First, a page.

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Opinions divided over patents for software and business methods

Added: (Thu Nov 30 2000)

Pressbox (Press Release) - Opinions divided over patents for software and business methods

Time is running out for the ICT and Financial Services industries in the UK to tell the Patent Office their opinions on the patenting of software and business methods.

Both industries only have until 15 December to comment on whether software and business patenting will stimulate or stifle innovation in the special consultation process which the Office is running.

In one month the Patent Office web site *1 for the consultation process has received over 8000 hits, with over 250 postings to the newsgroup, and over 150 direct responses from those either for or against patents for software or business methods.

The question of software patenting is currently being discussed in the European Commission, and their consultation exercise * 2 sets out the economic arguments and considers the possible impact on businesses throughout the EU.

However, the UK Patent Office consultation is broader than the Commissionís because the Office is also looking into the issue of patents for business methods. In the US, companies, often in the financial services sector, can for example patent methods for trading stocks & shares and other processes.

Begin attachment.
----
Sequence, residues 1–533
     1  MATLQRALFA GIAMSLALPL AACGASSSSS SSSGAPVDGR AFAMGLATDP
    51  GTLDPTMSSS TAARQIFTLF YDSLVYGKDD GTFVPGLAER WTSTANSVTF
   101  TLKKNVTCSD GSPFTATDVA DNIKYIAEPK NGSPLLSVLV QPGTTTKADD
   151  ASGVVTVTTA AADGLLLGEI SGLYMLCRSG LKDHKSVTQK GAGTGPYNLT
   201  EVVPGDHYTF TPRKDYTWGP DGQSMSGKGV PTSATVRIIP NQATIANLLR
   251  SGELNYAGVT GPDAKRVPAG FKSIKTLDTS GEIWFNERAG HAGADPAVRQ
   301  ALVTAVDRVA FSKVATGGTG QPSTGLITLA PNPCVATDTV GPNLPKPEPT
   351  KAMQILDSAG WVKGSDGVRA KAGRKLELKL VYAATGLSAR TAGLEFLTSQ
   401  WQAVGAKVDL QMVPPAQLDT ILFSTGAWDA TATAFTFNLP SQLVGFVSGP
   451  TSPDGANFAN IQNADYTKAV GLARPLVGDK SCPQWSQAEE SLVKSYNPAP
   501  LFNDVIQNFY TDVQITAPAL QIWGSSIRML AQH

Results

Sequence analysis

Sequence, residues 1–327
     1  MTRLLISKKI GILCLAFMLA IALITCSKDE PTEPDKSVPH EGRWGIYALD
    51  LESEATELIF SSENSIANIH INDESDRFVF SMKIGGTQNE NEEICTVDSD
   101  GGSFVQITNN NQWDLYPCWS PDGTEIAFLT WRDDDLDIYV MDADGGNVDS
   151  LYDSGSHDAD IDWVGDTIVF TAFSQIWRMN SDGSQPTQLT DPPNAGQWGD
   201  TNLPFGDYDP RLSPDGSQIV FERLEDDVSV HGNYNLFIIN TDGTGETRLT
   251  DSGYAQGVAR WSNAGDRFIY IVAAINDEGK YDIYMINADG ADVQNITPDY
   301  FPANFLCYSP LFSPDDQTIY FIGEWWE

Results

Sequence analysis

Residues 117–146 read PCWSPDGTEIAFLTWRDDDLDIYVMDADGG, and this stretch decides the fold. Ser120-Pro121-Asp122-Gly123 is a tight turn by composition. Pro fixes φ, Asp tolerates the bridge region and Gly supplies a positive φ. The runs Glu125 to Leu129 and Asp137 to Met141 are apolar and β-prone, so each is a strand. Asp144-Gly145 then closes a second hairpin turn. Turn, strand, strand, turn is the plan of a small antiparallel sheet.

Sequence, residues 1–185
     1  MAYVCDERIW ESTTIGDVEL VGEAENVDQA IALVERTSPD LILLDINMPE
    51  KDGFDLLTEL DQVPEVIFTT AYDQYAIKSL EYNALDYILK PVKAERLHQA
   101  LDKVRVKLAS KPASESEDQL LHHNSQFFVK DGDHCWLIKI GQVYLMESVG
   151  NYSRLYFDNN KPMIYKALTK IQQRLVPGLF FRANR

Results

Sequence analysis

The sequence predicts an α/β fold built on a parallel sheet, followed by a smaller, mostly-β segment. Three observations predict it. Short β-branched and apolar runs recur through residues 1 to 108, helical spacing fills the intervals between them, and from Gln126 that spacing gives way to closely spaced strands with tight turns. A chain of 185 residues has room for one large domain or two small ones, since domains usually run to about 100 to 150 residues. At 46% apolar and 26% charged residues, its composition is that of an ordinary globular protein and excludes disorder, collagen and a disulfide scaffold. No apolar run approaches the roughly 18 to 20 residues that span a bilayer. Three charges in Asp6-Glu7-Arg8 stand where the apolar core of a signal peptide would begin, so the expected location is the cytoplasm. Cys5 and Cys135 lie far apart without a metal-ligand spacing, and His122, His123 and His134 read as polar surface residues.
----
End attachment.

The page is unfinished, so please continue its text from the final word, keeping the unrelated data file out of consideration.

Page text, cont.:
The Centre for the Study of Financial Innovation called a meeting on Monday 27 November in London to discuss the consequences for UK financial institutions. The meeting was attended by guests such as the British Bankerís Association, the Financial Services Authority, International Securities Market Association, London International Financial Futures & Options Exchange, London Investment Banking Association, CBI and DTI. The arguments both for and against were debated hotly with opinions evenly divided.

Though the Patent Office has been debating patents for software since 1994, the current debate has gained momentum as a result of changes to US patent law in 1998 when both software and business methods, such as marketing strategies, became patentable there.

Next year a Diplomatic Conference of the 20 members of the European Patent Convention (EU plus Monaco, Switzerland, Liechtenstein, Cyprus and Turkey) will discuss whether or not to broaden patent law to allow all forms of software to be patentable, and the current consultation exercises will provide substance for that debate.

*1 http://www.patent.gov.uk/snews/notices/softcons.html
*2 http://europa.eu.int/comm/internal_market/en/intprop/indprop/softpaten.htm


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For further information please contact:
Deborah Fields or Peter Colegate at Prowse & Co, 01372 363386 or
Jeremy Philpott at The Patent Office, 01633 814981

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